There’s an argument that technology has been part of healthcare since the first doctor picked up a scalpel. But the Internet era is taking things to a whole new level.
As digital communications technologies become ever faster, more reliable and more cost-effective to implement, so the possibilities for a connected approach to healthcare are increasing too. Enter connected medical devices – the introduction of Internet of Things (IoT) technology to the healthcare sector.
The roots of IoT in healthcare actually go back further than you might think. Long before journalists were getting excited about driverless cars and smart fridges, telemetry – that is, remote data gathering – was already being used to powerful effect by medical practitioners. This article, for example, discussed the possibilities for integrating systems like electrocardiogram monitoring with ‘voice grade telephone lines’ back in 1976!
The game-changing aspect of the IoT lies in its ability to connect such data to the wider internet. Devices that can not only collect key healthcare data but also consolidate and analyse it, en masse where necessary, have the power to enable more personalised and agile care than ever before. There are massive possibilities. Big data from thousands or even millions of patients could be analysed collectively, to drive new insights and innovations. Machine learning could enable devices to deliver more effective interventions over time. Little wonder, then, that by one estimate the global IoT healthcare industry could be worth $117 billion by 2020.
Connected healthcare devices can be categorised into a number of different groups, ranging from consumer-facing through to highly specialise, complex machines of which a single hospital might just have one.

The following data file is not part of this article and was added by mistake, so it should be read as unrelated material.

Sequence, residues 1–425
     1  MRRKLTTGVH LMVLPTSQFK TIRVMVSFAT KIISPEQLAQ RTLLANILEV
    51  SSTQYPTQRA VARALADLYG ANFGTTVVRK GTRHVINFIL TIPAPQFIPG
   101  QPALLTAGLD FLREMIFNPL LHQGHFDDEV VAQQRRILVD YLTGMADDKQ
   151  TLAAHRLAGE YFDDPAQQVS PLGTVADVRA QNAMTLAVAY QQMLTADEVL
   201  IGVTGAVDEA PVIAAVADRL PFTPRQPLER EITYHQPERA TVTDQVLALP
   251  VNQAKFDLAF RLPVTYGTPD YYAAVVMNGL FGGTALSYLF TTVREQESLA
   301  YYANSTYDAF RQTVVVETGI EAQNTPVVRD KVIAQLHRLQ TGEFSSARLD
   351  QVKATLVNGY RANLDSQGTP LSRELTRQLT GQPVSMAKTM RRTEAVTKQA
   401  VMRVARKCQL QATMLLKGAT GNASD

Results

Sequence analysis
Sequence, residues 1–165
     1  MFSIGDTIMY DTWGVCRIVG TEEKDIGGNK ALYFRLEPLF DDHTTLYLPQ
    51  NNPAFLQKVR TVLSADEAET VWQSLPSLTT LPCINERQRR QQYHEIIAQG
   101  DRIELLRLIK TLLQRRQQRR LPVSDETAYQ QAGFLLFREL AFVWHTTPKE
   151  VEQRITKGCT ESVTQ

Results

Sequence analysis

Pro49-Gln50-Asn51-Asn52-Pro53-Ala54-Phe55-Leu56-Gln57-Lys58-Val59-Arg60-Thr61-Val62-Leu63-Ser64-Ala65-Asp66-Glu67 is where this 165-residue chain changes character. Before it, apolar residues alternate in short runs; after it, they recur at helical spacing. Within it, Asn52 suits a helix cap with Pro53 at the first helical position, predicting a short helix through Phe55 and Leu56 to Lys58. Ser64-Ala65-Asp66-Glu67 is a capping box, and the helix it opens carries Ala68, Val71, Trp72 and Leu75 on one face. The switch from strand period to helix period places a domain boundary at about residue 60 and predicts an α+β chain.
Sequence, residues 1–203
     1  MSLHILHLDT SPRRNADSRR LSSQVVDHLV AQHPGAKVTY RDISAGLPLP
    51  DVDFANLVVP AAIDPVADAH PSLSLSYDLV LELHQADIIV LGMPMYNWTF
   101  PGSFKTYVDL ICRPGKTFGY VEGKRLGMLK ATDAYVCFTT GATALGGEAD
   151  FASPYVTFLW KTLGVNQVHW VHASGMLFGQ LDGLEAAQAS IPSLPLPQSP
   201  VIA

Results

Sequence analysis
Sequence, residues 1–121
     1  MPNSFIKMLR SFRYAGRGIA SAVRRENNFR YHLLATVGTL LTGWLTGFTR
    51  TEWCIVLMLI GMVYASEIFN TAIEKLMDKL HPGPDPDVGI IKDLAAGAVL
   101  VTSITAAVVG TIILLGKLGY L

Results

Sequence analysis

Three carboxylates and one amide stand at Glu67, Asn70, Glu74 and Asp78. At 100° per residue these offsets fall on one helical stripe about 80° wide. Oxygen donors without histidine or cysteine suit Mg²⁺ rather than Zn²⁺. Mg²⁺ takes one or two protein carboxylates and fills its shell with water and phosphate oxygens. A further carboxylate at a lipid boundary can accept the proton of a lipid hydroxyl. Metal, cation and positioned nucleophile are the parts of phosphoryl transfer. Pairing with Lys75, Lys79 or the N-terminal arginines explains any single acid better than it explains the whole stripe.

At the consumer end of the spectrum we have so-called ‘wearable technology’ – things like fitness trackers, which might collect data such as heart rate, number of steps taken – and of course, geo-location. These have leapt in popularity over recent years. Of course, devices like pedometers have existed for many years, but the IoT enables such devices to report the data they collect back to a centralised analytics engine – users will generally see this as a mobile app. In turn, users can track their fitness over time, gaining new insights into their activity levels, and potentially greater motivation to work out.
Simple enough. But these data aren’t just useful for individuals. Health insurance companies are already looking for ways to harness this information – it’s easy to see, for example, how premiums could be raised or lowered according to individuals’ activity levels.
Moving further along the IoT healthcare spectrum, and we arrive at wearable medical devices, such as external insulin pumps – or internal, implanted items like pacemakers. In these scenarios, not only can massively valuable data on patient condition and outcomes be collected and analysed over time, but healthcare interventions – a change to medicine dose, for example – can be administered remotely. Healthcare practitioners can make decisions from anywhere – and they can inform those decisions with vast quantities of real patient data.
Stationary devices within hospitals can also be enhanced with connected technology. Chemotherapy stations, for example, or intelligent pharmacy stations. Here, once again, the advantages for the healthcare sector range from mass data analysis, which drives more intelligent care, through to, at the individual patient level, being able to make decisions and administer treatments with greater agility.
On the one hand, it’s easy to see how this explosion of innovation can enable more intelligent and more personalised care. On the other, as with the introduction of wireless communications to any other sector, there are clear risks in terms of data protection and cybercrime. Hospitals are already becoming hunting grounds for cybercriminals, who recognise that when technology is a matter of life and death, taking control of it can be powerful grounds for extortion.
For the IoT to continue driving healthcare enhancements, then, the development of new connected medical devices needs to go hand-in-hand with a focus on powerful data protection mechanisms – from the level of a wearable fitness tracker that slips on the wrist, right through to enormous stationary devices dispenses treatment in hospitals.
The amount of data that lives on systems that are unconnected (or unreliably connected) to the network vastly outweighs the data that lives in the cloud.
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